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Young people given chance to work with the NSPCC

THE NSPCC is looking to recruit 15 young people aged 13 to 16 to become part of its Young People’s Board for Change

The board gives young people the opportunity to have a say on what matters most to them to influence the work of the UK’s leading child protection charity.

A teenager from Wales has shared her experience of being part of the NSPCC’s Young People’s Board For Change.

Kasia, 16, from Blaenau Gwent, has been one of 15 young people who has helped to play a defining role in the NSPCC’s mission to prevent child abuse over the past two years.

The board was first launched in February 2021 with the aim to give young people the chance to shape and influence the work of the UK’s leading child protection charity.

Kasia, who has been on the board for the last two years, said: “I’ve had an exceptional experience, and definitely grown in confidence.

“Highlights have been opportunities like working with Childline to film content for their social media, and meeting HRH The Countess of Wessex.

“My favourite thing has definitely been working with the other members and teams across the NSPCC to make positive change for other young people. I’ve learnt to not be afraid to speak up on issues that I’m passionate about.”

Over the past two years, the current board members have taken part in a vast range of activities and events, and they have consulted on some of the charity’s biggest campaigns.

This includes a wide range of work to support the NSPCC’s Wild West Web campaign to influence the Government to introduce a robust Online Safety Bill to ensure young people are safe online.

Members have had the chance to speak to MPs and decision-makers in Westminster, attend the Labour and Conservative party conferences to take part in a round-table discussion and share their views with MPs, and recently they spoke at an event in the House of Lords to share why the Online Safety Bill is so vital for them.

They have also worked to help shape the work of Childline, including creating content for the service’s social channels on topics that matter to them including Pride month, Black History Month, body image, and bullying recovery.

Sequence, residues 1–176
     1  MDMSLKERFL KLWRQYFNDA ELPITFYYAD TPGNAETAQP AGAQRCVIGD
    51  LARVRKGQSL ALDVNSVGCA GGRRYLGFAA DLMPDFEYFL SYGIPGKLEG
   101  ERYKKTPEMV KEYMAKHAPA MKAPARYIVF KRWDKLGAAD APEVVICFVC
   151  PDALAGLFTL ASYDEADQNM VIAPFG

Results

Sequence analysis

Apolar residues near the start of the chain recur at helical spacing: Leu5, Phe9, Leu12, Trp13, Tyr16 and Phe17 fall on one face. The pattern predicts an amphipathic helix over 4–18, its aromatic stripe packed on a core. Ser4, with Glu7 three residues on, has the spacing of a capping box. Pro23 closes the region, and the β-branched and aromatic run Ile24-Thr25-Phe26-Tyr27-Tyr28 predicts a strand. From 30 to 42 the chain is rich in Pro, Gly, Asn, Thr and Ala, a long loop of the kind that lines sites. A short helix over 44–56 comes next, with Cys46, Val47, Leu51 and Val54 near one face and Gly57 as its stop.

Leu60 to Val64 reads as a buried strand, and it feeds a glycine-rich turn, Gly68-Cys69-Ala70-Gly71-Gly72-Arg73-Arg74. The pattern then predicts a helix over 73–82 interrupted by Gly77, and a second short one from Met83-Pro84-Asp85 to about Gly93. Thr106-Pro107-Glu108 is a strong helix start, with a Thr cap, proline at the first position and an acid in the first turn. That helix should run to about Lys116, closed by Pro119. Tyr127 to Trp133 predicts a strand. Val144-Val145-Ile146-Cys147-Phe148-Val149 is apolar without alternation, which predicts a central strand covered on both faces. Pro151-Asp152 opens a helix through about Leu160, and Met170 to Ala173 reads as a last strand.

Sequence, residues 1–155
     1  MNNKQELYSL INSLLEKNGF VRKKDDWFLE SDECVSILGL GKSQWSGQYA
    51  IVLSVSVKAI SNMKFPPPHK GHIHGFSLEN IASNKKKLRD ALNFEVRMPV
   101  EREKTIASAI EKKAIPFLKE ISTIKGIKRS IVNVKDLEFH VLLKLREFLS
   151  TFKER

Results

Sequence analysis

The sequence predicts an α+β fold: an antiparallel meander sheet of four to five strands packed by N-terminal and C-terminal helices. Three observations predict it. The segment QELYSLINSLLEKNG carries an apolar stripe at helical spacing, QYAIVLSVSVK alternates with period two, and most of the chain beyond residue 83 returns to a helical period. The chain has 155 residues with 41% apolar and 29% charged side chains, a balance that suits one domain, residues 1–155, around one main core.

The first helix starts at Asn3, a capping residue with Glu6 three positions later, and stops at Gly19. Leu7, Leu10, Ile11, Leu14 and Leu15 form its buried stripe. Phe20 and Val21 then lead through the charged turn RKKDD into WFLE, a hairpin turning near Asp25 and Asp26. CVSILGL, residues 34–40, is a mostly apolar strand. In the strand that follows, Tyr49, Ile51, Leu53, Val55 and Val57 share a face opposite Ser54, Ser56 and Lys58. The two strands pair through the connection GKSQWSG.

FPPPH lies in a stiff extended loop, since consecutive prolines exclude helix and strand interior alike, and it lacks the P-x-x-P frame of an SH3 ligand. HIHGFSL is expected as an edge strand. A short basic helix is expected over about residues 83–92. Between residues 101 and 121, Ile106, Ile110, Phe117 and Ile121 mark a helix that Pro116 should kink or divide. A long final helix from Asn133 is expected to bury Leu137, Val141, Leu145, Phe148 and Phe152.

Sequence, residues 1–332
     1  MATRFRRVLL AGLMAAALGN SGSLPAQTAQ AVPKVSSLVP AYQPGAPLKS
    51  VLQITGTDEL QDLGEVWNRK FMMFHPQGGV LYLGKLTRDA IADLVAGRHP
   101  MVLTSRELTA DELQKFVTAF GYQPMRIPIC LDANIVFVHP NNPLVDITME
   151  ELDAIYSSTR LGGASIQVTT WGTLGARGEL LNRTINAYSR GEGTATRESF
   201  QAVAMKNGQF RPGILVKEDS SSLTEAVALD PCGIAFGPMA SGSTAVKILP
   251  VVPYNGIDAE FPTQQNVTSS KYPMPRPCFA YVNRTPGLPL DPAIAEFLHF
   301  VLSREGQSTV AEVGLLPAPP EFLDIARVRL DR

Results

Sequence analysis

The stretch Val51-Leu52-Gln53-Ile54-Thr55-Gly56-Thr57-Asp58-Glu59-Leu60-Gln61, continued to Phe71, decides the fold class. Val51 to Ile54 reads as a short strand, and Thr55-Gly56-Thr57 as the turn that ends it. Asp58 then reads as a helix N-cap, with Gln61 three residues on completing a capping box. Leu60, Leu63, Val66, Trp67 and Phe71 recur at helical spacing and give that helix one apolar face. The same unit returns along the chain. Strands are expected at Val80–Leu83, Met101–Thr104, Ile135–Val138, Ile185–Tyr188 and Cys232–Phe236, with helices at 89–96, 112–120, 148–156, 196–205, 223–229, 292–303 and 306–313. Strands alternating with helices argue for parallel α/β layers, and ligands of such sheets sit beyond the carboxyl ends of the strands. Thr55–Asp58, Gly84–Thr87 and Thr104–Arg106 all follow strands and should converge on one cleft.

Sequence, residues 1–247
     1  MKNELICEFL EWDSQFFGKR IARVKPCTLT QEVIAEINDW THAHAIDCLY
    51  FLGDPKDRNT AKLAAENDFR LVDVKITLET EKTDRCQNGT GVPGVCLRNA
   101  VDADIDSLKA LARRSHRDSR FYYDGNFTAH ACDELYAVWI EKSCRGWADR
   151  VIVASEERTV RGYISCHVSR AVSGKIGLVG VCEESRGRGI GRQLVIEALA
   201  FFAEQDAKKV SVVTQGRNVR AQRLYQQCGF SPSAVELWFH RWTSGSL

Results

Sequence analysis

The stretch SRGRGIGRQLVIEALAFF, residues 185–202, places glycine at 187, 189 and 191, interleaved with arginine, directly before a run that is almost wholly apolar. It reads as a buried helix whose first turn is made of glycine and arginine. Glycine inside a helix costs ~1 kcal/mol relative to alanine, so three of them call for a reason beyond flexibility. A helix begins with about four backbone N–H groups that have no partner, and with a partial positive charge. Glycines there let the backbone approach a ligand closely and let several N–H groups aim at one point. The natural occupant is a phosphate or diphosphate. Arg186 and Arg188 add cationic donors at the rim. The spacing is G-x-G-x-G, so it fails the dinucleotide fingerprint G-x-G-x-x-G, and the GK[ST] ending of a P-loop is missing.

And they also supported the creation of NSPCC’s new secondary school service, Talk Relationships. They shared their perspectives of healthy relationships education and input into every stage of the development of the service.

Applications are now open for a new group of 13-16-year-olds to join the board for the next two years.

Any young person from the UK can apply and if they secure a place, they can use this platform to raise awareness of what matters most to young people, take action and make change happens – while also having a key role advising NSPCC staff and trustees.

Over a two-year period, board members will take part in residentials, meetings and workshops, meet other young people, as well as develop confidence and learn life-long skills, such as campaigning and public speaking.

Zazie Clarke, NSPCC Participation Team Manager said: “I’m excited for a new group of young people to join our Young People’s Board, to share more ideas and insight.

“The past two years with our current members have been fantastic and I’ve been impressed by their genuine passion for the NSPCC and Childline’s work, and their commitment to getting involved and making a difference.

“At the NSPCC we are determined to make sure we embed the views of young people at the heart of everything we do.

“Children are the experts on their own lives, and there is so much that we can learn from their experiences.

“I’d encourage anyone who is interested in having a platform to get young people’s voices heard to apply.

“There are many great opportunities that you’ll be able to get involved in to help influence change and represent what matters most to young people.”

Young people can apply to join the Young People’s Board For Change in Welsh.

Visit nspcc.org.uk/boardforchange to apply. Applications close on January 23.

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